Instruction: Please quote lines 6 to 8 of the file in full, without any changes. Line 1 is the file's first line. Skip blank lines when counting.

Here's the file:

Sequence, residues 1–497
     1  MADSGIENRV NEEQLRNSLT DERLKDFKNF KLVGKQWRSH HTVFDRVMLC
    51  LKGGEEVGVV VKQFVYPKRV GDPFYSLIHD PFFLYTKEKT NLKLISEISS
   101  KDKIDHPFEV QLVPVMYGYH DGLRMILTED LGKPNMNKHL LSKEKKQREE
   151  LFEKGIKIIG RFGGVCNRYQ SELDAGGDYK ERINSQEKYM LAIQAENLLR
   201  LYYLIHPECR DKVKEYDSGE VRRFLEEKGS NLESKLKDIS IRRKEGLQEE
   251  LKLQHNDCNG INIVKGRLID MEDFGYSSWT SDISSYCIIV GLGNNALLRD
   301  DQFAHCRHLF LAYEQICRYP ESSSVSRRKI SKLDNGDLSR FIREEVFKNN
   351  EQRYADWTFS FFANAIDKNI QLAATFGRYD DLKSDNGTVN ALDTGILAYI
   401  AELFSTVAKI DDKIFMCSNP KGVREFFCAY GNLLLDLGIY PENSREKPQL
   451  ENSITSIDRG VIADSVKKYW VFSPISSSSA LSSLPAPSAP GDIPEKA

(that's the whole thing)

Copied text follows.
   201  LYYLIHPECR DKVKEYDSGE VRRFLEEKGS NLESKLKDIS IRRKEGLQEE
   251  LKLQHNDCNG INIVKGRLID MEDFGYSSWT SDISSYCIIV GLGNNALLRD
   301  DQFAHCRHLF LAYEQICRYP ESSSVSRRKI SKLDNGDLSR FIREEVFKNN